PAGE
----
Chicago's LGBTQ Pride Parade, the third largest in the nation, has been postponed due to the COVID-19 crisis.
"We are sad to announce that the annual Pride Parade will not take place this year on June 28," parade coordinator Tim Frye said in a statement issued Wednesday. "We announce this postponement in the hope that conditions will allow the parade to take place later this summer or early fall."
"Safety is the first priority for our participants in the parade; the hundreds of thousands of spectators; as well as all the city agencies and independent contractors that work so hard to make the parade a success every year," he continued. Even if rescheduling the 2020 parade is not possible, "the Pride Parade will be back in 2021 and for years to come," he said. Chicago's parade trails only New York's and San Francisco's in terms of size.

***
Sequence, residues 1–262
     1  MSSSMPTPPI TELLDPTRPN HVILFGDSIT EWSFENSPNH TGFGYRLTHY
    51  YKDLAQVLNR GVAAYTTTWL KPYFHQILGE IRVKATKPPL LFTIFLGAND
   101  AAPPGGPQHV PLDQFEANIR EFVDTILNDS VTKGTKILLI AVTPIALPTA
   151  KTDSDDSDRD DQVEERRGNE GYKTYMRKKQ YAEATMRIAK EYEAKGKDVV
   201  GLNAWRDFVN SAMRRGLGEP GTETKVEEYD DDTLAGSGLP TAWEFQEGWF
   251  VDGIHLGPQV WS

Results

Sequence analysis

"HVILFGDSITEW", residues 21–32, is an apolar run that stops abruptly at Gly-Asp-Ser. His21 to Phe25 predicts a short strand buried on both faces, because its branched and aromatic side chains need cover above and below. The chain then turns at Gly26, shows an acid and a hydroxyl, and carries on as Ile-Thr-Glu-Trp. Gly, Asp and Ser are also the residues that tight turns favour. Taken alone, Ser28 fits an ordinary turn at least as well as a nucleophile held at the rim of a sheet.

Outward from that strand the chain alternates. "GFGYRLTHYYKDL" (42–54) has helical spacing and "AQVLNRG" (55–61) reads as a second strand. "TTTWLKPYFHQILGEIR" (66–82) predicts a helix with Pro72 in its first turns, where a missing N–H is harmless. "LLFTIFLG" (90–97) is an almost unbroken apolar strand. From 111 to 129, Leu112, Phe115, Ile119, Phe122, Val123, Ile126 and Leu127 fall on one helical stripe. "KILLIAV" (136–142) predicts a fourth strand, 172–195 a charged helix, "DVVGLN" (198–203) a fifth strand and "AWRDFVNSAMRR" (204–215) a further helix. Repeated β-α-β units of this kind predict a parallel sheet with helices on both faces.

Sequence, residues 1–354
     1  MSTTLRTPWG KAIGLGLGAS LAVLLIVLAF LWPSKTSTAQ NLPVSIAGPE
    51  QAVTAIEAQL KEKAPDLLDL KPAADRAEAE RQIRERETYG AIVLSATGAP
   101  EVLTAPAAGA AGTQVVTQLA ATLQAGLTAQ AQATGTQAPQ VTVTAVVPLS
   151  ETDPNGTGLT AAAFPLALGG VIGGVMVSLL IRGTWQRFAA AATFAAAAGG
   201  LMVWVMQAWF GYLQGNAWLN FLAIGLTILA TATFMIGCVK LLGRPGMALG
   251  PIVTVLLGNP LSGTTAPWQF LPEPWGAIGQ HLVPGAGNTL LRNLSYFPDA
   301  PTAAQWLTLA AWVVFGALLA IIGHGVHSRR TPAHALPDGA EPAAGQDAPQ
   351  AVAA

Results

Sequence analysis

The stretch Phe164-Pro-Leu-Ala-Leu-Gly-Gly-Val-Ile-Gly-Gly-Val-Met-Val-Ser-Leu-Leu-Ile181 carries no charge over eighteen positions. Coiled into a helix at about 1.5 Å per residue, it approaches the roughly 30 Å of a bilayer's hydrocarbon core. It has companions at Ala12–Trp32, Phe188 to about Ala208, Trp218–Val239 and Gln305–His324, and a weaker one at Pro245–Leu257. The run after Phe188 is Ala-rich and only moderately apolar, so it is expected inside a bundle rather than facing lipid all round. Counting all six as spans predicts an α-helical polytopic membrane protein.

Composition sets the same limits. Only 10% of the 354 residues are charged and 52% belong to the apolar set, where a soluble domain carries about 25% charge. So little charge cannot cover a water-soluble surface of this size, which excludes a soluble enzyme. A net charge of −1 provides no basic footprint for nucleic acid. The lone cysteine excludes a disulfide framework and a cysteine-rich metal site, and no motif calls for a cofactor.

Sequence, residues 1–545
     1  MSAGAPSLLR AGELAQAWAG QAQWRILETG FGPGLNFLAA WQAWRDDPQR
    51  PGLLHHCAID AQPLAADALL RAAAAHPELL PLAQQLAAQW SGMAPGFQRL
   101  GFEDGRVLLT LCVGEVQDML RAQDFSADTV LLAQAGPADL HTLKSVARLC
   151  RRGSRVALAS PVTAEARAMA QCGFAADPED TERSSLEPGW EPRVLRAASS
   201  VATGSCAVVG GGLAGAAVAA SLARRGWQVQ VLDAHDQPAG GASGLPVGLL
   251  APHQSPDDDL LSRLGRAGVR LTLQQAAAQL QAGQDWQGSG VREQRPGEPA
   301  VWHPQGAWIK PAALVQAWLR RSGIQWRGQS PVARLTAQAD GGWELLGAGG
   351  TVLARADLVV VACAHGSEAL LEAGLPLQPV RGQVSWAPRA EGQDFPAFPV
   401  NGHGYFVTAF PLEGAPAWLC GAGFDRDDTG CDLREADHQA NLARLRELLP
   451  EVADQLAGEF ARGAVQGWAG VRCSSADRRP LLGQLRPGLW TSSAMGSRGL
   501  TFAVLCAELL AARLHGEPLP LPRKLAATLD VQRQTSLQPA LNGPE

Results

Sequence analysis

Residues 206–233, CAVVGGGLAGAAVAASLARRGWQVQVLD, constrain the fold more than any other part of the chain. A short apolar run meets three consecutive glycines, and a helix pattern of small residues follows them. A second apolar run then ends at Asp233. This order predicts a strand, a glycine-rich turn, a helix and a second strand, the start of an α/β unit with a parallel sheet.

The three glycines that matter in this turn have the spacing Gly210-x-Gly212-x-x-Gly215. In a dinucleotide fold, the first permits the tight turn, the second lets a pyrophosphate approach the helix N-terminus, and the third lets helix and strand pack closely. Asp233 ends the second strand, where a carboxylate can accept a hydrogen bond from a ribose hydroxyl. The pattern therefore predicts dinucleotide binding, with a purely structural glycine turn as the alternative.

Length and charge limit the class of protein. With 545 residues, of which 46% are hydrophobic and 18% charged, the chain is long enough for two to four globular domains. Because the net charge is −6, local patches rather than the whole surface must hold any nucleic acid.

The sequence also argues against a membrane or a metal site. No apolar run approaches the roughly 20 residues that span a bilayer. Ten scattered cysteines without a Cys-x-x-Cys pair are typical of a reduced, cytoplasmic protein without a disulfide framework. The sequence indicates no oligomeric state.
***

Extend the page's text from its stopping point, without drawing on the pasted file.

Also, the city's Pride Fest, a street festival set for the weekend before the parade, has been tentatively rescheduled for Labor Day weekend, said officials with the Northalsted Business Alliance, which organizes the event. The group is working on virtual programming for June and still plans to hold another popular street fair, Northalsted Market Days, August 8-9.
Frye had hoped this year's parade would be a tribute to his late husband, Richard Pfeiffer, who was parade coordinator for many years and died of cancer last October. Frye said he also recognized the parade's importance to the LGBTQ community, especially at a time of crisis. Delaying the event "was a decision I hated to make, but I didn't see any other way," he told Windy City Times.
New York and San Francisco have already canceled their Prides due to the health situation, and organizers are looking at ways to celebrate online. Los Angeles has postponed its event.